Stories about Bhutan
Chhurpi, the traditional hard cheese made from yaks' and cows' milk from the Himalayan region, is now a popular treat for dogs in the United States and Europe.
This is only the third democratic elections to take place in the tiny, landlocked South Asian country since it abolished its Monarchy and adopted a new constitution in 2008.
From Internet Blackouts to Violent Attacks, South Asia Saw New Threats to Free Expression Online in 2017
In 2017, South Asian countries faced growing challenges in the field of internet freedom, censorship, and freedom of expression.
"only in #bhutan...police making snowman at the main roundabout. wonderful"
"I Loved Driving on the Hills coz of these boards. I would prefer this, rather than the Advertising Boards along the roads."
"This narrowed minded decision is not just a ban against the film but a decision against the freedom of expression and creativity in Bhutan."
In Bhutan, chilies are considered something transcendent — they're a way of life. Recently, however, a controversial import ban has skyrocketed prices on this staple food.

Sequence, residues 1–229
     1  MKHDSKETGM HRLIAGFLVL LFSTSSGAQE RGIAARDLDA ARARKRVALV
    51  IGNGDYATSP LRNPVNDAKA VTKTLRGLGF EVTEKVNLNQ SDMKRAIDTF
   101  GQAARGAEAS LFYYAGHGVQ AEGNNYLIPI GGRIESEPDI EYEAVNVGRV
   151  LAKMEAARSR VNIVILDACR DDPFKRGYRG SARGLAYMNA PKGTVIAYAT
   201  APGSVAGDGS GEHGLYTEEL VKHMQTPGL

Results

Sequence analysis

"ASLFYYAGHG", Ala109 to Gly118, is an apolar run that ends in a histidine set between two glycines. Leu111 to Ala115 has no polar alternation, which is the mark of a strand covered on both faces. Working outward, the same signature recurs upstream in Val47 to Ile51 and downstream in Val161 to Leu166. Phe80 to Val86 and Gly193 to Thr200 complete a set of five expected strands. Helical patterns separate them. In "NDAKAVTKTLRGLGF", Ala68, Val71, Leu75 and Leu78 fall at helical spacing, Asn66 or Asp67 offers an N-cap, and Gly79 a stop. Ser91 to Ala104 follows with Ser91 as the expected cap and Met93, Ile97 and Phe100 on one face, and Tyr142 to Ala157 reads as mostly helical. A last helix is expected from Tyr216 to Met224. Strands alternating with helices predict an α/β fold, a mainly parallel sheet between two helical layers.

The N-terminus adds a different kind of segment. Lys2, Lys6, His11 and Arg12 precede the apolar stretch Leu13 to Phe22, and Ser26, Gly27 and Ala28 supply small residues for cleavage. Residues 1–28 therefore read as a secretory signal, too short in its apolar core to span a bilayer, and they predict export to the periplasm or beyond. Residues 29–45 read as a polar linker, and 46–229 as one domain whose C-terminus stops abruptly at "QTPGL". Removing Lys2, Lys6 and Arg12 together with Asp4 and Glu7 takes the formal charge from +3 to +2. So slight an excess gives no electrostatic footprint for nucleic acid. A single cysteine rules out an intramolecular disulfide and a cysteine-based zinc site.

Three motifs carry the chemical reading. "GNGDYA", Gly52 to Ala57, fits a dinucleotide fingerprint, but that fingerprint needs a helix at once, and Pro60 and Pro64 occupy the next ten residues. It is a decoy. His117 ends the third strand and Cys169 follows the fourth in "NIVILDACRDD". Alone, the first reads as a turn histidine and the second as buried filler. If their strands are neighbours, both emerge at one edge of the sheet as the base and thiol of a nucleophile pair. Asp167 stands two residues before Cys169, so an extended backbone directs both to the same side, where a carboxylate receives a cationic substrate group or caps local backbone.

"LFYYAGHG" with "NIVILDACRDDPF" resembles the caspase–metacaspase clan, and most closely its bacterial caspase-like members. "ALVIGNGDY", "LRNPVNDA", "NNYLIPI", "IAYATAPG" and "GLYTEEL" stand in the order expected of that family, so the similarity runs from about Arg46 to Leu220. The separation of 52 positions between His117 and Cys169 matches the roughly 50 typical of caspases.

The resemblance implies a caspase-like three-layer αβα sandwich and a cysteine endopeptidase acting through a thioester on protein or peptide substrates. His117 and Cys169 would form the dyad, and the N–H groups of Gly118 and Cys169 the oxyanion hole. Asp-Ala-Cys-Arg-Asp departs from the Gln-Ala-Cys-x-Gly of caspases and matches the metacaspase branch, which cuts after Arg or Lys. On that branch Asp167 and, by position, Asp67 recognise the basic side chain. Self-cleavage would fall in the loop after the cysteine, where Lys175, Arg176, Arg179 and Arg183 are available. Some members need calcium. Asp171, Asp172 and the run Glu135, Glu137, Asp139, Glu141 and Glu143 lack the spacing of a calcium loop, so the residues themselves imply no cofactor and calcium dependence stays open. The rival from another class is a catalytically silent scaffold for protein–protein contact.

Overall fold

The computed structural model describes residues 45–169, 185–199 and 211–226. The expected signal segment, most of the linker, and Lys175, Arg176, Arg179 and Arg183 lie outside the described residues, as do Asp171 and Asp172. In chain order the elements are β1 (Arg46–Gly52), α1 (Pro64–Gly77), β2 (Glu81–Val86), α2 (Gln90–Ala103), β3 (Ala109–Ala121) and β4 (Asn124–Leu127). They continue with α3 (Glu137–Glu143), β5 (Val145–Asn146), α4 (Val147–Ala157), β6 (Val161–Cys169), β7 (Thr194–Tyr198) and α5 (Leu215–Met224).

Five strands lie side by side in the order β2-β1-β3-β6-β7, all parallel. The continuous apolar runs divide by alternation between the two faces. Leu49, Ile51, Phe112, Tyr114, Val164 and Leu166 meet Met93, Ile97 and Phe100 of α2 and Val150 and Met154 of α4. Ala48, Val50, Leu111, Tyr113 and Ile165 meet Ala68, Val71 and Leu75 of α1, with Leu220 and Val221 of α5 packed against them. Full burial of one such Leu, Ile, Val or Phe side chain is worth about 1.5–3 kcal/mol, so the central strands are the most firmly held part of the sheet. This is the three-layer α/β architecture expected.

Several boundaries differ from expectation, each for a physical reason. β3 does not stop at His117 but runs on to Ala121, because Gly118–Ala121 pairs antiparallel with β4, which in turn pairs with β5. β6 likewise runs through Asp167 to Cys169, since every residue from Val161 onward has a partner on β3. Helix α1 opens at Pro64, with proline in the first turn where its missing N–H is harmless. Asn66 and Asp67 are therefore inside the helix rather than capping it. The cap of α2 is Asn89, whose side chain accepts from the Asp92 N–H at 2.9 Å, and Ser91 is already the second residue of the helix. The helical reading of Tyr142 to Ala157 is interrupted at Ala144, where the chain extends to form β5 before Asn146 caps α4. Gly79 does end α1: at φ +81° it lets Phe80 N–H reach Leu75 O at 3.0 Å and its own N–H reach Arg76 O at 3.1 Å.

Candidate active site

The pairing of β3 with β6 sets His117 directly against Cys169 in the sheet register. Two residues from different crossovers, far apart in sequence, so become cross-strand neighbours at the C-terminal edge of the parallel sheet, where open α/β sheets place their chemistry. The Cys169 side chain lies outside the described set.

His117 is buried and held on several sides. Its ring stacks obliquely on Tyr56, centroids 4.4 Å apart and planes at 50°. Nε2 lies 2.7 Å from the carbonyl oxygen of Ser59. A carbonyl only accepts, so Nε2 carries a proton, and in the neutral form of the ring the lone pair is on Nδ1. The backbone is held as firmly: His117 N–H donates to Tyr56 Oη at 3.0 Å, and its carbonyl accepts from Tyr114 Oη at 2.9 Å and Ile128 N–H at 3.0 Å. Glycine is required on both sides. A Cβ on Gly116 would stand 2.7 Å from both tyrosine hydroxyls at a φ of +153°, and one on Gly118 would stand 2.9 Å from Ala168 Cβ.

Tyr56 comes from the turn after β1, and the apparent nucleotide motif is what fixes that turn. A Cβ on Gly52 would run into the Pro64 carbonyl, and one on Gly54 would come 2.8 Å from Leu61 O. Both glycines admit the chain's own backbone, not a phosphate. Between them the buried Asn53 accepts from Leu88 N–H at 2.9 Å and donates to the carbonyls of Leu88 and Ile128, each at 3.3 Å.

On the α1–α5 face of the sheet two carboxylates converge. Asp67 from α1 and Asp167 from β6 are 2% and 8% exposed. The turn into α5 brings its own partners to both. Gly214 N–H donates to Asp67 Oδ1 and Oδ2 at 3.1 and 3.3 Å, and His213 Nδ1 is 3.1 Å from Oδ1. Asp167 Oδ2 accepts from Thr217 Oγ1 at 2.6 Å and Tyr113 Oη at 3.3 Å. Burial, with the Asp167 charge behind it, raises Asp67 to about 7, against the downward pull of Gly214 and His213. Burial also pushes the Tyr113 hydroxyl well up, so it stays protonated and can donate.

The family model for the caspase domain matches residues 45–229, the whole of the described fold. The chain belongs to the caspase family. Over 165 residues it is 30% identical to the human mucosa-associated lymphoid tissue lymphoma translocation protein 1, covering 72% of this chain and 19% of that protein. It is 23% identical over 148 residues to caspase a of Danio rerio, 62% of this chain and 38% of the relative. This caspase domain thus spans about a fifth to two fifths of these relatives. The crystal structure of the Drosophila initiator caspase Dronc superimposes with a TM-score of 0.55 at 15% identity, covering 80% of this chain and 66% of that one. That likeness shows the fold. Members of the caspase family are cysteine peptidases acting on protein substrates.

A folklorist at the Erie Art Museum in the US state of Pennsylvania dreamed up the idea: helping refugees gain work skills while working with them to preserve their songs.
The suit against Zam revolves a family that is fighting a property dispute against well-connected business man Ap Sonam Phuntsho, who is also father-in-law to the Chief Justice of Bhutan.
Bhutan's strict citizenship laws, however, aren't doing much to boost happiness these days, as thousands of Bhutanese children abandoned by their fathers have been rendered stateless according to Bhutanese laws.
Luna Acharya Mulder has a rare window on the refugee psyche. Growing up, she went back and forth between two vastly different worlds--New York and refugee camps in Nepal.
"Thank you Your Majesty,.... For being the role model with the hallmark of simplicity For being a far sighted and visionary leader"
Bhutan depends heavily on its hydroelectric industry, but some bloggers worry that the country may be getting carried away with this industry.
Bhutanese entrepreneur Dawa Drakpa cleans and recycles old footwear and distributes them to those who can't afford a decent pair. Nearly 1 percent of the country's population have received shoes.
It is newly elected Narendra Modi's first foreign visit as India's prime minister. Some aren't convinced that it's the best choice.